The streets of Tehran show a different side to Iran than the news.
Schoolgirls punch in the pin code on their mobiles to check what’s new on Instagram. It’s a normal Monday in Tehran, the capital of Iran. Their screens show a flow of images from around here: a young man skating, a mat seller, and a group selfie of dark-featured girls – just like these students, sitting in a café with sneakers on their feet and scarves covering their heads.
”Using social media is not allowed in Iran, but everybody is doing it”, says an Iranian man sitting next to me.
There are 15 million people residing in the greater Tehran area. The traffic is as you would expect: busy and highly polluted.
However, this coffee shop, located in the charming park that surrounds the cinema museum, is a haven of tranquility. Here you can buy fresh pomegranate juice, grilled sandwiches, and salads. The wi-fi works like a dream.
On the table is a copy of Tehran Times, the English daily. It features an article from The Wall Street Journal, its headline jumping up from the page: Iran tries to open up for business.
That is the very topic on many lips here: is Iran opening up?
Most of the store signs in the malls are in Farsi, but there are also many familiar brands: Zara, H&M, Calvin Klein, Seiko, Abercrombie & Fitch, Nike, Lego.
Could this fascinating, yet unpredictable country really open up to the West – or could the West move closer to Iran?
One thing is clear: Iran has plenty of business potential.
There are many obstacles on the path to openness, the most obvious of which are the economic sanctions imposed on the country by the West.
The mood in the café is quite continental: cappuccinos and faintly playing music; chairs and tables built from construction pallets in the spirit of trendy interior magazines, a group of German tourists. Prices, too, are reminiscent of Starbucks.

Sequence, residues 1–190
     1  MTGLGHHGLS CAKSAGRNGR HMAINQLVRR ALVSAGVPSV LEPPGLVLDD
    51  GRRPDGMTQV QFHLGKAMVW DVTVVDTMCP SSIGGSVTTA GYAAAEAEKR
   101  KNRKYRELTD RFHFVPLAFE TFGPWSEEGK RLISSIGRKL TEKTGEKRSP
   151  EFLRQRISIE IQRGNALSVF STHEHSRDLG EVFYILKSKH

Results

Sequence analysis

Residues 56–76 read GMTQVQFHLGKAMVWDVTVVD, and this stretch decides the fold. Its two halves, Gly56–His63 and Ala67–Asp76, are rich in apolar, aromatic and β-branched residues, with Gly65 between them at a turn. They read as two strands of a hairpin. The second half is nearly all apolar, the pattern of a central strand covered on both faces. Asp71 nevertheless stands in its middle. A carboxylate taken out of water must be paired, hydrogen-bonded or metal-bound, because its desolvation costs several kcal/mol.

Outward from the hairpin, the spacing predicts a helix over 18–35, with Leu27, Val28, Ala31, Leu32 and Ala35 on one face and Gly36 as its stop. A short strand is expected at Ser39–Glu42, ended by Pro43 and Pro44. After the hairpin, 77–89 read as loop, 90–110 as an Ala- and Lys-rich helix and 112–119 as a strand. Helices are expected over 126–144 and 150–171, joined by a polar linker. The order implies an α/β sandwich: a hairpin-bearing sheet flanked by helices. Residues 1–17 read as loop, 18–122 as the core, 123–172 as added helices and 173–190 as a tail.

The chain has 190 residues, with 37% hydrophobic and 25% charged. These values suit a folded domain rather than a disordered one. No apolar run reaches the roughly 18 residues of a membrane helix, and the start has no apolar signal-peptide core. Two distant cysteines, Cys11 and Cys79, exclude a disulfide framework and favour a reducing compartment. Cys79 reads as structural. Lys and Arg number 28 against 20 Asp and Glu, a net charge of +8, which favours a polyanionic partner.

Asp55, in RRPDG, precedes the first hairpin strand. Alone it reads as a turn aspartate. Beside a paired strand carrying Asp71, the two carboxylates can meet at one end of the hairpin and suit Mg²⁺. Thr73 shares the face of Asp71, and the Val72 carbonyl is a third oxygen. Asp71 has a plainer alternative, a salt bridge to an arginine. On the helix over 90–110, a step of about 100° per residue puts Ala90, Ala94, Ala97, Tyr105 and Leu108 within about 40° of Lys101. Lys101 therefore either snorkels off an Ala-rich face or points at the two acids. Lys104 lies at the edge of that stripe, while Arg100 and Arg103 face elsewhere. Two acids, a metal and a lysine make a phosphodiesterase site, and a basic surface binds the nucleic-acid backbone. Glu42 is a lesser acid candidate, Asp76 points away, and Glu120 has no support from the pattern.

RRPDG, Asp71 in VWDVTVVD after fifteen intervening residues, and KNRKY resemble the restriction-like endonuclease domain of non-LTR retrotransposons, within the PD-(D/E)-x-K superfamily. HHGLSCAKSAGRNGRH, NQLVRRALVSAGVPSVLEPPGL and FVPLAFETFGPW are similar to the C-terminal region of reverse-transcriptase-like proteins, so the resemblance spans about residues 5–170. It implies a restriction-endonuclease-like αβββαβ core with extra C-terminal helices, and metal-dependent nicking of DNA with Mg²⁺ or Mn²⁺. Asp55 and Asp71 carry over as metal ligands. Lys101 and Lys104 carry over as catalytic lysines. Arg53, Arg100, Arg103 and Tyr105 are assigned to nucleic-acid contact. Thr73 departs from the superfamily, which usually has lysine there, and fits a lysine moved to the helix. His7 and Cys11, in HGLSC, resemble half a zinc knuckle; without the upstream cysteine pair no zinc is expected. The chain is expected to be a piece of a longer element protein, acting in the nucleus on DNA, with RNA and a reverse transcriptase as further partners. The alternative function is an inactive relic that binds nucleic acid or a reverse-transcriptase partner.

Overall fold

In the nearby bazaar, vendors weigh saffron, nuts, dried fruit, and chopped herbs on a scale for their customers.
Fall is well underway but it’s still warm, over 25 degrees centigrade.
However, the reality confronting us in the newspaper is chilly. Relations between Iran and the international community are strained by an ongoing conflict over Iran’s nuclear program. The West suspects Iran is aiming to develop nuclear weapons. Iran, meanwhile, claims the nuclear program is only intended for energy production and civilian purposes. Some progress has been made during the reign of Iran’s current president Hassan Rohani, but here in Tehran it is easy to see the impact of the sanctions. There are no ATMs, and Western credit cards are not accepted anywhere. Only cash, in other words the Iranian Rial, is used. The economy is halting also within the country: inflation is rife and unemployment high, especially among the highly educated.
Walking around in Tehran you might come across a street corner where loud bargaining over dollars is taking place. The men shout their offers for wads of dollars while counting the bills in their hands - almost like a live version of the stock exchange.
The latest talks on Iran’s nuclear program ended in November 2014, once again without results. However, the US, Russia, Germany, China, France, and Great Britain all reported their willingness to continue negotiations. The new deadline is set for June 2015.
Sanctions have been loosened while negotiations are ongoing, but oil exports as well as the fields of banking and finance are still regulated strictly. Clothes, food, medicine, health products, and educational exports, on the other hand, are not affected by the sanctions.
The taxis outside Tehran’s business hotels are filling up mostly with Chinese, Korean, and Russian visitors.